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冬至 Winter Solstice Introduction


冬至 (Dōngzhì): Winter Solstice Dongzhi, or Winter Solstice, is an important traditional Chinese festival that marks the arrival of winter and the shortest day of the year. It usually falls around December 21st or 22nd in the Northern Hemisphere.

冬 (Dōng): Winter 至 (Zhì): Arrive, you can understand it as winter comes day.

Dongzhi (冬至), or Winter Solstice, is one of the 24 solar terms in the traditional Chinese lunisolar calendar. It marks the point when the Northern Hemisphere experiences the shortest day and longest night of the year. The calculation of Dongzhi is based on the solar year and is determined by the Earth's position in relation to the Sun. It is a significant marker for guiding agricultural activities and recognizing the changes in the natural environment. The festival has been celebrated for centuries and holds cultural significance in Chinese communities.

Here are the general steps to calculate Dongzhi:

1. Solar Terms System: The 24 solar terms divide the solar year into 24 equal parts, each lasting about 15 degrees of celestial longitude. Dongzhi is the 22nd solar term, occurring when the Sun reaches the celestial longitude of 270 degrees.

2. Solar Longitude: The solar longitude is the apparent position of the Sun along the ecliptic, measured in degrees. Dongzhi specifically occurs when the Sun's longitude reaches 270 degrees.

3. Observation: Traditionally, the determination of Dongzhi was based on astronomical observations of the Sun's position in the sky. With advancements in technology, precise calculations can be made using astronomical algorithms.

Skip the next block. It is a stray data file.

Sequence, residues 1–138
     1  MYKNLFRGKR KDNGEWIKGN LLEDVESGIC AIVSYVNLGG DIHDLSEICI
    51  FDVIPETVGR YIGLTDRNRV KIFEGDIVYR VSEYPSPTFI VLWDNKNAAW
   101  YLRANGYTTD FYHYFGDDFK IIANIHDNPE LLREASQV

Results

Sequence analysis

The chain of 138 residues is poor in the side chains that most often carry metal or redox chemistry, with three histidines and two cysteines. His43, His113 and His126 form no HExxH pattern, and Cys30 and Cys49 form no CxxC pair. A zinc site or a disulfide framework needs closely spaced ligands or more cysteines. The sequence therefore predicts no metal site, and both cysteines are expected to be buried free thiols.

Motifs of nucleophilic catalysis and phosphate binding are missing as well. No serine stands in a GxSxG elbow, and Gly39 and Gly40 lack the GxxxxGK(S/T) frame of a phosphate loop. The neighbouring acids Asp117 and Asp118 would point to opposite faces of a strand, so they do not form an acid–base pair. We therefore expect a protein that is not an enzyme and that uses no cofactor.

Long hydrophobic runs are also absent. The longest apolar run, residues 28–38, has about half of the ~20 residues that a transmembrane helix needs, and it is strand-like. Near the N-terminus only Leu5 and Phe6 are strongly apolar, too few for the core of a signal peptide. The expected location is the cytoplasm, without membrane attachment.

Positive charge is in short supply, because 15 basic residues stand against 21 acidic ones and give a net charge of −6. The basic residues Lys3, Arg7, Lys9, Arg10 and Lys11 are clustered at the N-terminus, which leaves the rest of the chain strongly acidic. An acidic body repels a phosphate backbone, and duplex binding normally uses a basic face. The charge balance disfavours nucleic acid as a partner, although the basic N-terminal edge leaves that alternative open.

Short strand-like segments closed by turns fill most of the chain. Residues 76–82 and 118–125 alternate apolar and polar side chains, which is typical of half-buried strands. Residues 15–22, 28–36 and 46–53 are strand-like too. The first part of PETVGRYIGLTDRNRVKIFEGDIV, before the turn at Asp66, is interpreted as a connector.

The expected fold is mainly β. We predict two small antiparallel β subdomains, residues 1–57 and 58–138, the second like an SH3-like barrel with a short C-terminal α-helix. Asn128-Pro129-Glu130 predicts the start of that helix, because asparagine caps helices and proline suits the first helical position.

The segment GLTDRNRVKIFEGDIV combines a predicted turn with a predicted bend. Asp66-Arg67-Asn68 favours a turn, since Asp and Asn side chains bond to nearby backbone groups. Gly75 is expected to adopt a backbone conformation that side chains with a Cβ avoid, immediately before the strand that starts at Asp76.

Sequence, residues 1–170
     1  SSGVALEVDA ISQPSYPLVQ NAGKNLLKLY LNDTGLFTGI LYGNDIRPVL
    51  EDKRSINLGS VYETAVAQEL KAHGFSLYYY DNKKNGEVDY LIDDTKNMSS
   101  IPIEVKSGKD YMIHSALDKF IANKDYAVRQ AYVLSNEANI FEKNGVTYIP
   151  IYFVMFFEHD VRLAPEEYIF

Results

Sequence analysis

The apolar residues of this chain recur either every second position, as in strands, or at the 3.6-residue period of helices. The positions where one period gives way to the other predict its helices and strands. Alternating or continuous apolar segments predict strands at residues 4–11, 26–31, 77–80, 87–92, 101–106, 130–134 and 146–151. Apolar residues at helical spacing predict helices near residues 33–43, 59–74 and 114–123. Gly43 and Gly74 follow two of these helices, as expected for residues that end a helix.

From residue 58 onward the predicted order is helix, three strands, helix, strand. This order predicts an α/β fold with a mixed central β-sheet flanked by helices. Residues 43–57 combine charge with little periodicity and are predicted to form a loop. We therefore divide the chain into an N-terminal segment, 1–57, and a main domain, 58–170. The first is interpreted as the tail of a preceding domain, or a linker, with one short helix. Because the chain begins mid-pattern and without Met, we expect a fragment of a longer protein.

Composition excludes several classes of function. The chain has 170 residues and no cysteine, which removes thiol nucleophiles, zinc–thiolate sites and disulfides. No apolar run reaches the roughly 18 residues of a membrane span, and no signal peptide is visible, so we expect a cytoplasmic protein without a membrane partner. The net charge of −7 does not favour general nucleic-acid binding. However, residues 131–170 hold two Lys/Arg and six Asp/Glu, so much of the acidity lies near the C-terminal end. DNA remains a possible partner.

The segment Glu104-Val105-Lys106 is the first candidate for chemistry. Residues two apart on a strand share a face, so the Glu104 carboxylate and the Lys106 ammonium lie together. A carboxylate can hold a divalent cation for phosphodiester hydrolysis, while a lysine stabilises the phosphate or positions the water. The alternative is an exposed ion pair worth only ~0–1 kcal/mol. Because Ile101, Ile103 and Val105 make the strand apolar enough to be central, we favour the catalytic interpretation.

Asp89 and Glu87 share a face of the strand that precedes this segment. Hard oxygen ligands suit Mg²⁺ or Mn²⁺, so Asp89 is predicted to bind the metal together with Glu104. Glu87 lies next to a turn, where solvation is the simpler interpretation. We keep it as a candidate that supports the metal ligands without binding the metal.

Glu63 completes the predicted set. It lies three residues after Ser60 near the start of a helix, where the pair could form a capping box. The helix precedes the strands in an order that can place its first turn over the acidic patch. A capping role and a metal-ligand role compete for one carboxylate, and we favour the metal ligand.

4. Calendar Adjustment: In the lunisolar calendar, Dongzhi is used to determine the start of the winter season. The date may vary slightly each year but generally falls around December 21st or 22nd in the Gregorian calendar.

It's important to note that Dongzhi is a solar term, and its calculation is based on astronomical principles. Modern calendars and online tools often provide accurate dates for the solar terms, making it easier for people to know when Dongzhi will occur each year.

Customs and Traditions:


  • Family Reunion: Similar to the Chinese New Year, Dongzhi is a time for family reunion. Family members gather to share a festive meal and strengthen family bonds.


  • Eating Tangyuan: Tangyuan, glutinous rice balls filled with sweet or savory fillings, is a traditional food for Dongzhi. Eating tangyuan symbolizes family unity and harmony.

  • Increased Yin Energy: Dongzhi is believed to be the day with the longest night and the shortest day, representing the peak of Yin energy. It marks the transition towards longer days, symbolizing the return of Yang energy and the coming of spring.


  • Dumpling Wrapping: Some regions have the custom of making jiaozi (dumplings) during Dongzhi. The preparation and consumption of jiaozi are believed to bring good luck and drive away evil spirits.

The Signature Winter Solstice of Chinese Culture,Cultural and Family Ties: Dongzhi emphasizes the importance of family, cultural traditions, and the cyclical nature of life. It reflects the Chinese philosophy of harmony between humans and nature.

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